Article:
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The American Cockroach (Periplaneta americana)

We all know what it feels like to see a roach, or even many of them, in our homes. They are nuisances that can cause a great deal of disease and other health problems if left unchecked, not to mention damage to homes. But what exactly are these little guys from a scientific viewpoint? Let's find out!

Physical Description and Behavior

The first thing that I should mention is that not all Cockroaches are the same, and they vary by region, country, location, etc. Today, we are only going to be looking at the American Cockroach. This is also because these are the largest and most widespread species of roach on Earth.

In case you have never seen one, they are small brown bugs. They can be up to an inch tall, and have 6 legs, and antennae. They can live up to almost 2 years, and the female can produce upwards of 150 offspring in her lifetime. This can explain why roach infestations in houses often get out of control really quickly if left unchecked. They also have wings, although they tend to use them more for gliding than flying.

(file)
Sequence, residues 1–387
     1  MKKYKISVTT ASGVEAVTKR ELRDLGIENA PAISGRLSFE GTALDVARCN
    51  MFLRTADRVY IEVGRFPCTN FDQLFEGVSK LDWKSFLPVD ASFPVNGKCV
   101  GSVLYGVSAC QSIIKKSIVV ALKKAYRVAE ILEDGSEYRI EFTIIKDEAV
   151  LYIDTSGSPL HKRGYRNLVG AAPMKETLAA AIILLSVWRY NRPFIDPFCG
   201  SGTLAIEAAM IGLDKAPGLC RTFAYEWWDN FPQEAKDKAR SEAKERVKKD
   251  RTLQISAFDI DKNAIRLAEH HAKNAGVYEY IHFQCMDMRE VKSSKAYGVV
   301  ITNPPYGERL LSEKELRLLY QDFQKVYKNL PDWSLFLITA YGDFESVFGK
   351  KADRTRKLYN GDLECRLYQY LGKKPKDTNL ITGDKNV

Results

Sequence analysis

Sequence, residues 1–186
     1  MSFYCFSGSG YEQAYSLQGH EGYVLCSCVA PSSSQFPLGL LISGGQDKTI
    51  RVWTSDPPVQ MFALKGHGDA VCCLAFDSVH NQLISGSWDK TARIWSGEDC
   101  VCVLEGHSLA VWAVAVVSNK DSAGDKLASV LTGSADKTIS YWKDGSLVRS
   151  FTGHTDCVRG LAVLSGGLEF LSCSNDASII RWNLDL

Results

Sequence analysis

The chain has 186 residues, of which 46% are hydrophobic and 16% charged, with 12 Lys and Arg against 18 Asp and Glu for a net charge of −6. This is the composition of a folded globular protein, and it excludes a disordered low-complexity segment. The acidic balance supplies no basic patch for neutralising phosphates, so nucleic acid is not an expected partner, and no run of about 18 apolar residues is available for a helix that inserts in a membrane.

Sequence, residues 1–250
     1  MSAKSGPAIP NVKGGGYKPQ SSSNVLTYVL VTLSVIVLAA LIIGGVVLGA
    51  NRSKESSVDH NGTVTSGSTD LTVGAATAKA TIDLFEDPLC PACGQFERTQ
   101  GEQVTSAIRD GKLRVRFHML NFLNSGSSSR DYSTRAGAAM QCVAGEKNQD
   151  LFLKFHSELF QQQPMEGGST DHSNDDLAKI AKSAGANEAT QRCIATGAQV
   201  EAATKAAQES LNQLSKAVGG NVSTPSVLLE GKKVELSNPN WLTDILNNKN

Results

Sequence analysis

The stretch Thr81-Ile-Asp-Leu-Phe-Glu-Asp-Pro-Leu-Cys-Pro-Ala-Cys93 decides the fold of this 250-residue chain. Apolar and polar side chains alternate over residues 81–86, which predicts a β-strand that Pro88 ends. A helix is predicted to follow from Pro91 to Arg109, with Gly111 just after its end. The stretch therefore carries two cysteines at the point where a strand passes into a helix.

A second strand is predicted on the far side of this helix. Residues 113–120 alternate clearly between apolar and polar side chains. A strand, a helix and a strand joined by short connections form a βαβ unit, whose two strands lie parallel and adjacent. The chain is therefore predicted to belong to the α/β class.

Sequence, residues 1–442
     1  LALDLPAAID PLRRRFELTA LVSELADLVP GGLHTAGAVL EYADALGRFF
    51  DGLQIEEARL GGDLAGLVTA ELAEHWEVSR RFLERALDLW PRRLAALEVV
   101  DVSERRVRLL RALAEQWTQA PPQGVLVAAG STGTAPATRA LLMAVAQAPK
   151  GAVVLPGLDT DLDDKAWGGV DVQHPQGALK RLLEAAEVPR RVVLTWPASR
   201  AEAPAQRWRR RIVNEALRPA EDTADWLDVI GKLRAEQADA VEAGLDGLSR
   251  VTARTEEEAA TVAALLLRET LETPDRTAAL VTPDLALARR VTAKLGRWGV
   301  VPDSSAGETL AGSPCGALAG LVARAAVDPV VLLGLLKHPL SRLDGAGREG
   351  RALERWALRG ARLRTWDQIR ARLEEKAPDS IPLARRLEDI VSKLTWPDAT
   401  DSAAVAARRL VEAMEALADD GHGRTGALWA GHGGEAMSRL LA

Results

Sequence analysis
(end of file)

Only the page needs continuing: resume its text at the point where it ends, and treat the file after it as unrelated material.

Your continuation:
Their diet is very opportunistic. They are omnivorous, and eat anything from food to hair, dried skin flakes, and even starch sizing on paper. They can live for long periods of time without food, and even without air. It is due to this that they have become such a pest in houses across the nation.

Habitat and Location

They are found mainly in moist places, although they can be found all over the US. They can make their homes in sewers, homes, stores, dumpsters, and the like. Because of their affinity to warmer weather, they hide in buildings in the like more during the winter months but can move outside when it gets warmer.

This video, although icky, mentions a lot of information when it comes to this kind of roach.

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